Fear is not a literary emotion. It’s an embarrassment, the kind of thing that brings you back to childhood, where you’re still afraid of what goes bump-in-the-night. Lovecraft’s stories mix fear with fascination, a usual combination perfected into a thick potion that goes down easy and comes back up harsh and unnerving in the black of the night.
Houebellecq’s point is that Lovecraft’s prose, so often full of excesses, combined with an across-the-board rejection of traditional fictional topics and a total acceptance of the bizarre and occult, makes Lovecraft one of the most intriguing American writers of the 20th century. Like Erich Zann’s music, there’s a possessive quality to Lovecraft’s stories, a demonic enchantment that fascinates and justifies the extravagances. The very passages that a scholarly reader would try to excuse are the ones “true fans prefer.” Of course, Lovecraft’s writing isn’t well-written—it lacks subtlety, simplicity, clear emotional descriptions, and contains tons of adverbs. But then the least interesting thing to say about a book is that it’s well-written.
Whether or not you enjoy Lovecraft’s work (I’m somewhat of a fan), there is something exciting about reading him because his stories are so unrelentingly weird. Lovecraft has an originality that can’t be overlooked. When I was 19, I had a part-time job working at a nursing school. I got very good at doing phlebotomy on a robot. I could hit a vein 95% of the time. On our breaks, my friend Ashley and I would practice phlebotomy on the robot arm. We’d draw blood using the videogame-like system and watch the blood fill up the virtual syringe on the video screen. The IT expert in the building was named Philip. Philip was a chubby guy in his mid-thirties, which to Ashley and me was incredibly old. He was a movie nerd and loved Ed Wood. Ed Wood was a genius, according to Philip.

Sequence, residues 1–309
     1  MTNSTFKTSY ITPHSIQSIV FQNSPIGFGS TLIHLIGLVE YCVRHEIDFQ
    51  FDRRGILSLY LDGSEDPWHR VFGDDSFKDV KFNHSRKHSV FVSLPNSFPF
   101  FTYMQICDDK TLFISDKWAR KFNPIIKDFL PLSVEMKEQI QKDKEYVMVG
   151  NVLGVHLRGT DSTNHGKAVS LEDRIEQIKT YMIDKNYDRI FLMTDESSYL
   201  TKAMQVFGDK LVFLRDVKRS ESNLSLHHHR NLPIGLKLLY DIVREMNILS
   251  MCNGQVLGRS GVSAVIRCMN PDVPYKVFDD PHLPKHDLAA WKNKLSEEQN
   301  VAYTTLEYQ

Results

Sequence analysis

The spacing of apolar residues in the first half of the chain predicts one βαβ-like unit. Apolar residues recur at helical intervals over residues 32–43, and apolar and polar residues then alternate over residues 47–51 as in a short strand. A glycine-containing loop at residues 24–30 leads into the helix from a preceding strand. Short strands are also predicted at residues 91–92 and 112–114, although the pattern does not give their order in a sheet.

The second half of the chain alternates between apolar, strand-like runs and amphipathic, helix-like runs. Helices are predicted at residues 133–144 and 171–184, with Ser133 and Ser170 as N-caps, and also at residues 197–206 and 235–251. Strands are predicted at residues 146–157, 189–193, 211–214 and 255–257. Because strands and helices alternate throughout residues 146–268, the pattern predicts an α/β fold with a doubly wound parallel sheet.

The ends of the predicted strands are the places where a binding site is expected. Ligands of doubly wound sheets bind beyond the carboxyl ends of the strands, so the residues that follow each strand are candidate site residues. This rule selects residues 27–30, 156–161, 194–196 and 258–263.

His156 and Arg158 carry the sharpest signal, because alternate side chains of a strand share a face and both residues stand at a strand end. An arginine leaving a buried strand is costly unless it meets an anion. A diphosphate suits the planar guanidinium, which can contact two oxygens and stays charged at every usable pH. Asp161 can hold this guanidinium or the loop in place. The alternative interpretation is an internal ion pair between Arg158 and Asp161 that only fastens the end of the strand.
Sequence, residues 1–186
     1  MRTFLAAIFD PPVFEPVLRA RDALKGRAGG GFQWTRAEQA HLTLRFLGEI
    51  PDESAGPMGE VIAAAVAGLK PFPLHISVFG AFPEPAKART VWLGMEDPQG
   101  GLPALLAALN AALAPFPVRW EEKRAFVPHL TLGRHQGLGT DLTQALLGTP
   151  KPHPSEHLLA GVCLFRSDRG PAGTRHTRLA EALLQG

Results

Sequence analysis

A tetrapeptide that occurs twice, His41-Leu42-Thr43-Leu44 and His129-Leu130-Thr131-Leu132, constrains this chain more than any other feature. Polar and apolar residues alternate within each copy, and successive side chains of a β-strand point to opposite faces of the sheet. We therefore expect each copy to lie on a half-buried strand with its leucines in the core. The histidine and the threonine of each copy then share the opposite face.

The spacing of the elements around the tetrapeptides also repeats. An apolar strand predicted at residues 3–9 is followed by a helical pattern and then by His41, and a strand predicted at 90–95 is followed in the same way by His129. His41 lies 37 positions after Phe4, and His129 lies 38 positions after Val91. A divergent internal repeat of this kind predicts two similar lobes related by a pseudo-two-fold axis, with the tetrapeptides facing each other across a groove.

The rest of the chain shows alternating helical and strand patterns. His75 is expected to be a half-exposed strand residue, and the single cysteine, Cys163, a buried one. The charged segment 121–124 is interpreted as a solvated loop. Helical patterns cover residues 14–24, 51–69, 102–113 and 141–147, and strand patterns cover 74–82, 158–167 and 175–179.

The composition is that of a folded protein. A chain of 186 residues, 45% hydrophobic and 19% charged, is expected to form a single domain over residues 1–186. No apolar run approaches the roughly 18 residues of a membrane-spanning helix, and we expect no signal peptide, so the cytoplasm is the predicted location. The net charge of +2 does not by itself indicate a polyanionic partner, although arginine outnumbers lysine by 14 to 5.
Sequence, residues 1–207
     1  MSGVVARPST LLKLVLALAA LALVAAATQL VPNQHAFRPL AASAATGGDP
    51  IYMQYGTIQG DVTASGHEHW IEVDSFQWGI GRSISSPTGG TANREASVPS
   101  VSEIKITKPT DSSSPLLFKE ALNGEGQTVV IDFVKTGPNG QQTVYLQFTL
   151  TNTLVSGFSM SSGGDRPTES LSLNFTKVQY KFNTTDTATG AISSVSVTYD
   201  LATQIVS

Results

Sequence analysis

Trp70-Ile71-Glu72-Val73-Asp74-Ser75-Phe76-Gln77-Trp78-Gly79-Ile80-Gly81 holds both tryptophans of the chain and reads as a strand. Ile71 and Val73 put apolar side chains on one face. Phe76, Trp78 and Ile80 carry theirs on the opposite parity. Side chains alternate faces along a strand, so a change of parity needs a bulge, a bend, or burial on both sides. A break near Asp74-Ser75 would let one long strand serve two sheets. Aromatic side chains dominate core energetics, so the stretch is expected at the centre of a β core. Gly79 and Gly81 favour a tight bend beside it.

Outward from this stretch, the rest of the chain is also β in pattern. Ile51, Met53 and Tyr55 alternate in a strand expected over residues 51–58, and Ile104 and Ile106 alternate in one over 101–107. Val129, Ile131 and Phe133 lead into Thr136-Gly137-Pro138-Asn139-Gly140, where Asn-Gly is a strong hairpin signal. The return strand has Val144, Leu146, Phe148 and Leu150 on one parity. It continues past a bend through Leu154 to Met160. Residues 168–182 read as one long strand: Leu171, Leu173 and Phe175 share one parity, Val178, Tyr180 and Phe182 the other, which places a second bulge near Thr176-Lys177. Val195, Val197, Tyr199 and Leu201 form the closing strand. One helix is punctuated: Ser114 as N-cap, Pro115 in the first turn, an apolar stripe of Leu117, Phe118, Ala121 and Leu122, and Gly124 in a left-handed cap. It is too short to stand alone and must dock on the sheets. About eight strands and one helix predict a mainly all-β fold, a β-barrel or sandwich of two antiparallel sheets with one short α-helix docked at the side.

“Oh yes, he was terrible,” Philip said about Ed Wood. “But he was so terrible. Nobody else could do terrible like him. Nobody!” Philip cherished Ed Wood because Eddie was uniquely awful. Eddie possessed a peculiar and outlandish awfulness that served as some disastrous proof of the auteur theory; whatever Ed Wood touched turned to earnest zombie kitsch. Eddie wrote dialogue that was so kooky, so unmistakably his own, my co-worker Philip could tell if a movie was an Ed Wood or not from a single line. A part of me has always respected Ed Wood because of this. At times, reading Lovecraft, I understand Philip’s passion for Ed Wood, a passion which could only be so intense because Ed Wood was so bad. While Lovecraft’s language is often redundant and predictably over-the-top, his approach is dedicated, encompassing, and unapologetic. The effect is impressive. For a moment I’m the listener in the garret room, eavesdropping on demonic sounds that titillate my imagination and make me think that the night sky is really a thin veil beyond which exist the Great Old Ones, whose silly names I always stumble over.
“That is not dead which can eternal lie, / And with strange aeons even death may die.”
Philip was the kind of person who would talk at you about his passions because he had no one else to tell them to. We’d be on our break, poking the robot arm. He’d come in and explain what a demented genius Ed Wood was. We’d smile, nod, and go back to seeing who could draw more virtual blood. Ashley and I always joked about doing phlebotomy for real but never did.
Alex Kalamaroff is a 26-year-old writer living in Boston. He works on the administrative team of a Boston Public Schools high school. You can read his other writings here or follow him on twitter @alexkalamaroff.